Grantee: Aram F. Hezel, MD
Institution: Dana-Faber Cancer Institute
Project Title: Novel Therapeutics Antibodies for Pancreatic Ductal Adenocarcinoma
Award: 2005 Samuel Stroum – Pancreatic Cancer Action Network – ASCO Young Investigator Award
Award Period: July 1, 2005 – June 30, 2006
Click here to download Dr. Hezel’s Grant Snapshot (pdf)
Dr. Hezel received his MD from State University of New York at Buffalo School of Medicine in New York. He completed a residency in internal medicine at Beth Israel Deaconess Medical Center and a fellowship in medical oncology at Dana-Farber/Partners Cancer Care in Boston. Dr. Hezel’s research focuses on the biology, genetics, and therapeutic development in pancreatic ductal adenocarcinoma. Key interests include understanding which potentially targetable signaling pathways are important in fully established tumors as well as how to best disrupt these pathways. The refinement and development of improved preclinical models for evaluating therapies are also of primary concern.
The funded project aims to evaluate frozen pancreatic cancers and determine which genes are important based on changes in their copy number. Over 120 banked frozen pancreatic tumor samples are examined and the highest quality samples are evaluated by genomic profiling, a technique that allows us to look at the numbers of copies of a gene. Distinct changes in primary tumors were identified that are likely to point to important genes. Different tumor types, including melanoma, colorectal cancer, multiple myeloma, glioblastoma and lung cancer, are also profiled in order to focus on those genetic changes that are likely to be important across multiple tumor types. A total of 40 regions with 565 resident genes have been identified that appear important.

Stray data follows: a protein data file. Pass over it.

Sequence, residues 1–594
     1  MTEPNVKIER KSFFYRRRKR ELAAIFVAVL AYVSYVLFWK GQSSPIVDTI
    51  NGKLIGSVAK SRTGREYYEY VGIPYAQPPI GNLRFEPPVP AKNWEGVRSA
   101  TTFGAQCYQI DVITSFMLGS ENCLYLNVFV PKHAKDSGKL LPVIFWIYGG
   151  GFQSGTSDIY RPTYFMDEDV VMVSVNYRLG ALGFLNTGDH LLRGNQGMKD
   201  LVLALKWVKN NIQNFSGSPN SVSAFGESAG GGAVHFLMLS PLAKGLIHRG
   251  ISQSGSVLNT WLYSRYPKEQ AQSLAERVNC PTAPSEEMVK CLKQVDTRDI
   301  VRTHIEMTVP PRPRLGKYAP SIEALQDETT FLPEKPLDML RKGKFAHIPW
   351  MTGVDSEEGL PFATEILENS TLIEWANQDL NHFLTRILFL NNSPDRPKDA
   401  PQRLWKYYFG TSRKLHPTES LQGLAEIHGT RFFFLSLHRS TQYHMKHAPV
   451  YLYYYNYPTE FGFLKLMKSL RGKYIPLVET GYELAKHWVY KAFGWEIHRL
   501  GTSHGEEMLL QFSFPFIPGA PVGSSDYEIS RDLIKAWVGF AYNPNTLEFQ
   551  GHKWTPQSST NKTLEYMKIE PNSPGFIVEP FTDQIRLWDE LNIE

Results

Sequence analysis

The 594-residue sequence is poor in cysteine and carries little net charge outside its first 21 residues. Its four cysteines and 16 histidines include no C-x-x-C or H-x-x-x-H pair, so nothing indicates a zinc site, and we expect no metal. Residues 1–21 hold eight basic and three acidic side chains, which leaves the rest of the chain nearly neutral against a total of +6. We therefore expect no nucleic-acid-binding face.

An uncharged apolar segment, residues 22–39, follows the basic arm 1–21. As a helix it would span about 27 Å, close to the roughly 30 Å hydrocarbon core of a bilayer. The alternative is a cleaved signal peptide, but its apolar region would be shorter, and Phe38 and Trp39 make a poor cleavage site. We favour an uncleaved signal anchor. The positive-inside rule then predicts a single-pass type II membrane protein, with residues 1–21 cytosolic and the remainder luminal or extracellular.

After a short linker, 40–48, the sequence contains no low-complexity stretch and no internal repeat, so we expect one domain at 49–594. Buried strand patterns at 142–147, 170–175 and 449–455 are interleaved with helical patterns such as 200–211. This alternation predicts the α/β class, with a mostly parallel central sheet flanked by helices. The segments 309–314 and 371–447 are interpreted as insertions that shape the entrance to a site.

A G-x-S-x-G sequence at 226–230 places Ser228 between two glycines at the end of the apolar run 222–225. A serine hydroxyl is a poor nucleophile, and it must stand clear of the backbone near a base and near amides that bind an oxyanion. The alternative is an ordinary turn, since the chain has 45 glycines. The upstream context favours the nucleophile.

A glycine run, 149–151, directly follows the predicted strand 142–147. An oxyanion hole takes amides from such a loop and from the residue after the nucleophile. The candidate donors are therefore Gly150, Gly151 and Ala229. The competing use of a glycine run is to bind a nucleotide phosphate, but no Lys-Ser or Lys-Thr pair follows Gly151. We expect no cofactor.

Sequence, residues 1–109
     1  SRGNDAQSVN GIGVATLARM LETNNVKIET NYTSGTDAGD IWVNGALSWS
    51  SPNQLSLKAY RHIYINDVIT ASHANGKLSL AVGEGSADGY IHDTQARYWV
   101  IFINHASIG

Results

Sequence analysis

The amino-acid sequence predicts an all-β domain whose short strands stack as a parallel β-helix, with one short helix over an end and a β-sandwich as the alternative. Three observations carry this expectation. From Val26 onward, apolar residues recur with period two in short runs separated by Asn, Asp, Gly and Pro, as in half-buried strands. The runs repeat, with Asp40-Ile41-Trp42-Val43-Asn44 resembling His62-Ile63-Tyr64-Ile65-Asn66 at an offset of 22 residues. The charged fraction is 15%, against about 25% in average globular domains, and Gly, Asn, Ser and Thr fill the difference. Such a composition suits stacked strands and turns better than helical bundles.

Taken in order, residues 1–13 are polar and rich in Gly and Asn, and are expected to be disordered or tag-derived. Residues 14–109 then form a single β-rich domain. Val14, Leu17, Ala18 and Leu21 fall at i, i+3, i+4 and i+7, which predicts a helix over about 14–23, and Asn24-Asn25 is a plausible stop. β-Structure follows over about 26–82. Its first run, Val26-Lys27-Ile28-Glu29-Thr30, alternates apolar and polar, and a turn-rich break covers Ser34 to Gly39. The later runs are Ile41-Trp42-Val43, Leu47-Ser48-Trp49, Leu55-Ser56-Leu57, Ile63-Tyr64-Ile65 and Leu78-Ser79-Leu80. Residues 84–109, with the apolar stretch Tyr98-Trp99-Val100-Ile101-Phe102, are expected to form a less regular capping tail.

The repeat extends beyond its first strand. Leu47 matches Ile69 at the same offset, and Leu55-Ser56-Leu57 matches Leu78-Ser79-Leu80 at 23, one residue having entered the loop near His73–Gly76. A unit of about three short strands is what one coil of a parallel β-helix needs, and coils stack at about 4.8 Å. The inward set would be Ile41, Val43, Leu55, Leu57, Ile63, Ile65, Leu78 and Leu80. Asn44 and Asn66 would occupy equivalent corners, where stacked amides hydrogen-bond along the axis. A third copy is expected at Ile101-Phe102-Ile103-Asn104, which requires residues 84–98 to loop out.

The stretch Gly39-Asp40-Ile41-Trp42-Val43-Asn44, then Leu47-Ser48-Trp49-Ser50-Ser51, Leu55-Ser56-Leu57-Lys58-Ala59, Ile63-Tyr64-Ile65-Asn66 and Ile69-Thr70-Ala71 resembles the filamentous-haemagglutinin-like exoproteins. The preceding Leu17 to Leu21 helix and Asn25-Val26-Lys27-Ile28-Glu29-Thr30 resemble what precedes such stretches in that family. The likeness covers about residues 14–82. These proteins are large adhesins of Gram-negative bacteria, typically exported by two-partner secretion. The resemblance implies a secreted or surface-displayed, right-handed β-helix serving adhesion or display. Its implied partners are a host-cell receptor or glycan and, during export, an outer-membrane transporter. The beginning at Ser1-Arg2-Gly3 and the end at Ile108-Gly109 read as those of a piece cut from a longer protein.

The analysis pointed to one key region of the genome that was recurrently amplified in pancreatic cancer. The genes within this region were evaluated for expression. Several were evaluated individually and one was identified that may be important to metastasis and tumor migration.
Finding genes important to cancers takes great teamwork and expertise in many areas. Generally, this work is best accomplished by a large group with experience across many technologies.
Understanding how the gene functions within cells as well as why it may be important to pancreatic cancer.
Dr. Hezel has collaborated with other researchers on projects related to pancreatic cancer, the downstream molecular effects of Kras driven oncogenesis, clinical trial design in pancreatic cancer, and the utility of pancreatic cancer models in helping to pinpoint new cancer genes. His efforts have resulted in several grants including an NIH K08 Career Development Award for ongoing studies in the genetics of pancreatic cancer and an HHMI grant.